Free basic education public credit schemes may be welfare enhancing (Stern, 1989) as it creates positive externalities, raises the steady-state rate of economic growth, and reduces income disparities.
Zhang (1996): direct provision of education, by the public sector, rather than government subsidies to private education may reduce growthif financed through a discretionary tax.
Openness to Trade
Tanzi and Zee (1997)
Government spending, G, effects growth in two ways:
Public investment: increases the economy’s capital stock.
Indirectly: Raises marginal productivity of private factors of production via public spending on education, health and other human capital enhancing activities.
Subject to diminishing marginal returns, e.g. excessive G relative to private savings may be inefficient.
Contingent on form of taxation used to finance public investment at the expense of private investment.
Distortionary versus lump-sum taxes: Most taxes distort allocation of resources through their impact on saving and investment and are therefore distortionary.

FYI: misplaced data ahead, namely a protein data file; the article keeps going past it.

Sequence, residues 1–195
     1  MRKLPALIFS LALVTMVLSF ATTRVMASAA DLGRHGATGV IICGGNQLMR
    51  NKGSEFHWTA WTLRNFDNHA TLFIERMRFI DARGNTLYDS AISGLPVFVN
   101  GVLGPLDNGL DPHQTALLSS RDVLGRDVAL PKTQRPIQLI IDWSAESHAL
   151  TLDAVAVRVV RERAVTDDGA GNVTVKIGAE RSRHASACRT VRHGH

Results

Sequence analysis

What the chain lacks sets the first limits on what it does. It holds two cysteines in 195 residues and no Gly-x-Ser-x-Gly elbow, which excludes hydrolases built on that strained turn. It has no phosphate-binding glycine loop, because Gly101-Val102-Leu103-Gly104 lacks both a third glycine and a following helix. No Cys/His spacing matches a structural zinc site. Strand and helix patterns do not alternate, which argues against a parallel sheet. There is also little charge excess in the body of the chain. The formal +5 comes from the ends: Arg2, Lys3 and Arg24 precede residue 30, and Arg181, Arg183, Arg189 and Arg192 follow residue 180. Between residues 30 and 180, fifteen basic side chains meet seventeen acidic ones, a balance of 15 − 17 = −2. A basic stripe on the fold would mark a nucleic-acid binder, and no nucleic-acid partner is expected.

Distortionary tax effect on net growth: contingent on the growth benefits of the expenditures financed.
Net effect depends on whether the tax considered is used as an instrument to correct for negative externalities or other related distortions.
Government activity complements private capital.
Production function for firm h, with h = 1,…n:
Yh = AG1-Lh1-Kh, 0 < < 1 (31)
Kh: Capital stock held by h,
Lh: labor used by h,
G: flow of government spending.
G = Y, 0 < < 1,(32)
Growth rate of output per capita:
gY/L= A1/ (1- )/(1- ) - ( + ) (33)
: subjective rate of time preference
(1- ):drag effect of taxation on after-tax marginal product of capital;
(1- )/:positive effect of public services on after tax marginal product of capital.
* : gY/L/ = 0, represents most efficient tax rate, the solution of which is found at * = 1- .
Firms in formal sector generate net of tax income at,
YhF = (1- ) A(G/Y)Kh. 0 < < 1
For firms operating in informal sector,
YhI = (1- )A((G)/Y)Kh, 0 < , < 1
Ratio of public services to output can be written as,
G/Y = (q,)(1-), (39)
: fraction of government revenues utilized in public services used in the production process.
: relative size of the informal sector, YI /Y.
= ( - (1 - ))/k = (k,,,).
Equilibrium after-tax rate of return on capital, r, given by:
r = A(1 - )(q,)(1-) (42)
Increase in overall budgetary position may affect growth in three ways:
Alesina and Rodrik (1994):
Economic environment effects: